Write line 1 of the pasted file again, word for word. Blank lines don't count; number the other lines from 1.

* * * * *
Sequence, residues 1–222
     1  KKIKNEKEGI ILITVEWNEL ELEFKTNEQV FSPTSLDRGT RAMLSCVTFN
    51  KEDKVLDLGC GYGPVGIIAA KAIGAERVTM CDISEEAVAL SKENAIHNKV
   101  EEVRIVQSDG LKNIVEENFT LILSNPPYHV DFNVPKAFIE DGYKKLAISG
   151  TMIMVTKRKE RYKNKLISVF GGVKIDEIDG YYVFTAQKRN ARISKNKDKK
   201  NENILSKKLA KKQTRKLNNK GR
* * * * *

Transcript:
Sequence, residues 1–222